We've heard many sailors say that guests come to your boat for a taste of life aboard, so you should try to keep your plans as normal as possible. So we started our trip, as usual, with a trip to the grocery store. And after a stop for late-night Chinese food, we made up all possible bunks and do-si-doed our way around the cabin and into bed.
"Do you smell that too?" is an awful way to be awakened, but the smell itself was even worse and it had awakened our guests first in the middle of the night. They, being new to boating, didn't know to be alarmed and slept-ish the rest of the night with lotioned hands tucked firmly under noses.
A bit of inspection and the tightening of a few ring clamps later, the leaky holding tank was mollified and we were off to the farmer's market. The Olympia Farmer's Market is just a few steps across the parking lot from our marina and a perfect place to pick up some breakfast and people watch. And it was Meira's birthday, so there were presents to open and a stop at the toy store to spend birthday money. It was maybe 11:30 when we finally pulled out of our slip and breathed a sigh of relief. We're on our way!
But we sighed too soon. About 5 minutes out, while still in the middle of the channel, the engine quit. This time, we knew we had fuel (as opposed to last time, when we discovered--not 30 seconds after checking--just how far down the dipstick/fuel gauge means "empty." That time, also in the middle of the Olympia channel, required some tricky sailing and a frantic refill from the spare fuel tank.) So we pulled open the engine compartment and pumped the priming bulb in hopes of a simple solution. And it worked! For about a minute. And then the engine died again. So we pumped the bulb again and fired up the engine again and everything was good again...for about a minute. We repeated this process (to the accompaniment of an ongoing trouble-shooting conversation between Dad and Bryan) about 20 times until we made it to the turn in the channel and could put up the sails. It seemed unlikely that we would get back to our slip safely with such a fluky engine, so we decided to settle in and enjoy the adventure. ("We told you we'd show you what a real sailing trip is like!")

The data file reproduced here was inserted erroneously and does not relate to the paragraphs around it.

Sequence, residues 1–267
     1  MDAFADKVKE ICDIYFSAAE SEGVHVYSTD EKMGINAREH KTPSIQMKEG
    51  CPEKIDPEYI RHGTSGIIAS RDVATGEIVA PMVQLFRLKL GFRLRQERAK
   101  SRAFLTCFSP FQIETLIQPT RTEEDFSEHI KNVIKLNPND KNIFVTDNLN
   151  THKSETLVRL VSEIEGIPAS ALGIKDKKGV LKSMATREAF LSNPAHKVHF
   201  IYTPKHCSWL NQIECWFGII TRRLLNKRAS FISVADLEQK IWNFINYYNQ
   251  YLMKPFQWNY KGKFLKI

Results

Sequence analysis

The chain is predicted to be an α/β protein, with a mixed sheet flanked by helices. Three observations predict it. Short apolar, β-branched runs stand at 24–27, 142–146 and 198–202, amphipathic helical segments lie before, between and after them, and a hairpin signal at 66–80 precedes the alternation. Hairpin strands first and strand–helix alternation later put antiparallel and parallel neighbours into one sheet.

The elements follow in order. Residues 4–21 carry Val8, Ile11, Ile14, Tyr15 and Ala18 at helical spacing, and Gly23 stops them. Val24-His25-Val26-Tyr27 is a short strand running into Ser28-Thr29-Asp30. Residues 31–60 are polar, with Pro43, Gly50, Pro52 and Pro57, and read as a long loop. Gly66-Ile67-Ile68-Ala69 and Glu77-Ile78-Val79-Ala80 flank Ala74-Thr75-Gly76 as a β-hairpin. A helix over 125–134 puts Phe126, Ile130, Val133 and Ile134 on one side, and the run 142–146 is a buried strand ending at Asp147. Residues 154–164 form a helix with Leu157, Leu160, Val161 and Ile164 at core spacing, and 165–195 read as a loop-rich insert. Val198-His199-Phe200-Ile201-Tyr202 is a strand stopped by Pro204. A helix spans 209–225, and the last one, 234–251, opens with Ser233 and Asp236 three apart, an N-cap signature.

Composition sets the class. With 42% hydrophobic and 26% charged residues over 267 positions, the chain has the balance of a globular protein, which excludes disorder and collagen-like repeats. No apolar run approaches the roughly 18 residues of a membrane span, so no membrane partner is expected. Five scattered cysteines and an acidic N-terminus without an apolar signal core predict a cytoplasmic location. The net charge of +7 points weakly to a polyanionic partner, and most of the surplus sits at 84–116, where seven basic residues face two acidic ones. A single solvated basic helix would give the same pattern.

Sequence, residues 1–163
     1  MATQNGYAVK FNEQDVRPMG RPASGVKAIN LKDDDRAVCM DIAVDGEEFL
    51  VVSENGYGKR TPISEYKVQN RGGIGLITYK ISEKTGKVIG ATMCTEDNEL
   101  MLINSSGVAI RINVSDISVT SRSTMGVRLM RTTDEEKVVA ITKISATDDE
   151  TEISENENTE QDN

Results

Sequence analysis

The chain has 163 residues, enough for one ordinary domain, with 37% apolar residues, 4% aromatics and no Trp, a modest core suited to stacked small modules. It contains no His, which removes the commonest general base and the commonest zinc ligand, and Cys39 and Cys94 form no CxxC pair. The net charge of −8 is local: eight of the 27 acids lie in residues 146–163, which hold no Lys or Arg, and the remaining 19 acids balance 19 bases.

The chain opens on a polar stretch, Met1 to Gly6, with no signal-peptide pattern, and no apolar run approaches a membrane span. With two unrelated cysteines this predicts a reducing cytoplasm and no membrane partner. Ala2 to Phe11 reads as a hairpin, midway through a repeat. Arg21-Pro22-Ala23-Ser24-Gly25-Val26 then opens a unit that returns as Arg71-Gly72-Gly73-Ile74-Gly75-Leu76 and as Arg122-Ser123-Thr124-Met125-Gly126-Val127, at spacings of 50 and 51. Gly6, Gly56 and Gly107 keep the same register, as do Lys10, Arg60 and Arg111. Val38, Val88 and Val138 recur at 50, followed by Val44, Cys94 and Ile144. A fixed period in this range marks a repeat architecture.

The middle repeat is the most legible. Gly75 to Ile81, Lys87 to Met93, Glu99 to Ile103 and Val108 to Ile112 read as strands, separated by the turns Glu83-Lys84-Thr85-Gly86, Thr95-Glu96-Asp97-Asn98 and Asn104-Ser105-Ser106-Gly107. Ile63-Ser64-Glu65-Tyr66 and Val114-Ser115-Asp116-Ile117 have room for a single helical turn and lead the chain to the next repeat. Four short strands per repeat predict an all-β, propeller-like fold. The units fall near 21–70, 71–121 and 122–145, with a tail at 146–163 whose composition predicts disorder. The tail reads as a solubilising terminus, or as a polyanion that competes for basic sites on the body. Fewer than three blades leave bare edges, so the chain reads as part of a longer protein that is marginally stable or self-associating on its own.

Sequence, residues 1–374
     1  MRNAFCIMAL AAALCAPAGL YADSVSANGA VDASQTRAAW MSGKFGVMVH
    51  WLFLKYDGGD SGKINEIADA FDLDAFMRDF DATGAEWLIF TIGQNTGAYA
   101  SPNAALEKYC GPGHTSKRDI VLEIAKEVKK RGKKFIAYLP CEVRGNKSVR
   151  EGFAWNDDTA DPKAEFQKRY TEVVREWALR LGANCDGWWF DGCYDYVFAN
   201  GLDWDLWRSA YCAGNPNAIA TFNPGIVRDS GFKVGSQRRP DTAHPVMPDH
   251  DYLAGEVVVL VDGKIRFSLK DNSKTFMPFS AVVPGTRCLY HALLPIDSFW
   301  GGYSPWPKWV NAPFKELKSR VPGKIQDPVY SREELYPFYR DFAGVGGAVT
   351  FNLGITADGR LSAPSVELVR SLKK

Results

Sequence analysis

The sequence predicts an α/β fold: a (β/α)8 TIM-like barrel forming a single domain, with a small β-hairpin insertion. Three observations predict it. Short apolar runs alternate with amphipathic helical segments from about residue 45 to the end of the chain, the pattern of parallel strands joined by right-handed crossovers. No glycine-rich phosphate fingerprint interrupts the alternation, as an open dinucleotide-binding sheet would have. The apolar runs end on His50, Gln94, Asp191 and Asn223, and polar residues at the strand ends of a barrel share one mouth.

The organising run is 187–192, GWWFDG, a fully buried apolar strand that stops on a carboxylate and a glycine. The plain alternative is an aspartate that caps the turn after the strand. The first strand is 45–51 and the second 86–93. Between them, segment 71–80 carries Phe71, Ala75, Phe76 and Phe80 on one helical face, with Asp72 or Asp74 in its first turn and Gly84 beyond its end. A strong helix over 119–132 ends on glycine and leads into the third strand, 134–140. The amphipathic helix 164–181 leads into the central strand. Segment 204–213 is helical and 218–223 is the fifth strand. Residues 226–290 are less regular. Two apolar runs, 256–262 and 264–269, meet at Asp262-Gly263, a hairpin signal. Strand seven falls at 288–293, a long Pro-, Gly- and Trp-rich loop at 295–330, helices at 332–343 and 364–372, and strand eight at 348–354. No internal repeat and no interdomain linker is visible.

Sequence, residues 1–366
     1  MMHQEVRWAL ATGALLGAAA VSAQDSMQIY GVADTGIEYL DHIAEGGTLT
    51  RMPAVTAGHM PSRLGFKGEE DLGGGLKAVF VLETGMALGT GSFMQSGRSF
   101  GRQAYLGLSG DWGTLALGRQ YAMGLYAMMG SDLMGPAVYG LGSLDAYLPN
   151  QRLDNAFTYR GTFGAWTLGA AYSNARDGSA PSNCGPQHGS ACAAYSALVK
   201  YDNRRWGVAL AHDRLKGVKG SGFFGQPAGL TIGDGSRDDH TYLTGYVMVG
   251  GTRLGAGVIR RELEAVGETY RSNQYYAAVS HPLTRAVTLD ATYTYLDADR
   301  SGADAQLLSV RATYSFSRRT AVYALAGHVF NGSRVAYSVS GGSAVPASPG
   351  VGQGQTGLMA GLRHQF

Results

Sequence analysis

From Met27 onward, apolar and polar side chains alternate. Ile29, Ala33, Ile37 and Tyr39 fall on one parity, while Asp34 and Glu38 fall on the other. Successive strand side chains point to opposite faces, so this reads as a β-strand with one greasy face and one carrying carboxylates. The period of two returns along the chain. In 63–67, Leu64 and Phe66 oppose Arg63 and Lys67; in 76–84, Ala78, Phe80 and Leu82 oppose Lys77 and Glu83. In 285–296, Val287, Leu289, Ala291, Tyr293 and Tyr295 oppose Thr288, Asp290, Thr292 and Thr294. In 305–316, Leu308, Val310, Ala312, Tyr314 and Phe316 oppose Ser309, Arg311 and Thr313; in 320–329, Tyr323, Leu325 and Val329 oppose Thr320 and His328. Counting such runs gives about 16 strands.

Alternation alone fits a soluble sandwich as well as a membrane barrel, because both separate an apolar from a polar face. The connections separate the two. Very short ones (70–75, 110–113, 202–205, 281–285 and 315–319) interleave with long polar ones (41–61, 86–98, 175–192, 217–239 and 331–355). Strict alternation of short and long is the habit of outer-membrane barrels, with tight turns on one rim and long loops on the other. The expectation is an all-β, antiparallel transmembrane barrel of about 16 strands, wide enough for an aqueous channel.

We sailed for an hour or two in the fading wind, but after tacking back and forth in front of the Dofflemeyer Point lighthouse for 45 minutes or so, we decided we needed another option. We'd planned on Jarrell Cove for the first night. The marina there has fuel and a pump-out, both very important items. But it was going to be at least 2 hours of motoring and by this point, we were pretty sure we had a dead fuel pump. Dad and Bryan agreed to take turns manually pumping the gas into the engine and steering and we all voted to go for it.
The trip went surprisingly well; we caught a current and got up to the cove in less than 2 hours. It was noisy, of course, with the engine compartment open and tedious for the pumper standing over the hot engine. But Mom and Dad were determined to have a good time, so we all relaxed a bit.
Jarrell Cove is beautiful, shady and green...and popular. But we found a mooring buoy and managed to catch it on the first try even with all the heckling spectators. The evening more than made up for our difficult day. We barbecued hot dogs, following a family tradition of dropping the lid handle overboard (see the picture for our temporary fix), and had birthday cupcakes. There was bubble making...and the inevitable bubble soap spill. We all enjoyed seeing a sleek runabout pull up to the dock and, with a bit of sleight of hand, convert into a cozy cabin cruiser. And just at sunset, someone stepped out onto their bow and played "Taps" to end the day.
The next morning, we moved to a spot on the dock and ate breakfast while we watched a heron reclaim our buoy. After a short walk on shore, we were ready to take off. At some point during the evening, the guys had decided to try replacing the fuel filter. We hadn't thought it could possibly be clogged up yet, but then we remembered running the fuel tank down to the dregs. And we just happened to have an extra filter on board from the time Bryan dropped a piece of the filtering system overboard and had to buy a new one. The frustration of that day was redeemed by saving us today!
A quick stop for fuel, and we were off again, engine putting smoothly this time. We let it run just long enough to prove its reliability and then we put up the sails. We heard later that it rained almost all weekend back home, but we couldn't have ordered better weather. We had just enough wind to sail comfortably to Joemma Beach and my parents loved taking turns at the helm, especially Dad, who did 4 years in the Navy during Vietnam.
We arrived at the beach at a very low tide and Dad tossed the girls into the dinghy and rowed over for tide pool exploring. Eventually, Bryan and I joined them while Mom relaxed in the cockpit and watched the birds (later determined to be Purple Martins) in the nesting boxes on the pier. Hannah and Meira wangled their way into borrowed fishing poles and quickly caught (and released) several small fish.
We converged back on the boat, wet and sandy, to evening feeding time. The birds sang love songs and flew figure eights around the marina. The air smelled sweet as I zested limes and diced peppers for a Thai chicken dinner. Thousands of tiny, silver herring danced around the docks, shattering the top of their world, flipping into ours and back again. And Mom and Dad saw why we love sailing so much. This kind of day is more than worth all the problem solving and hard work. This too, is a real sailing trip.
I'm off to another one...I'll be back with more stories!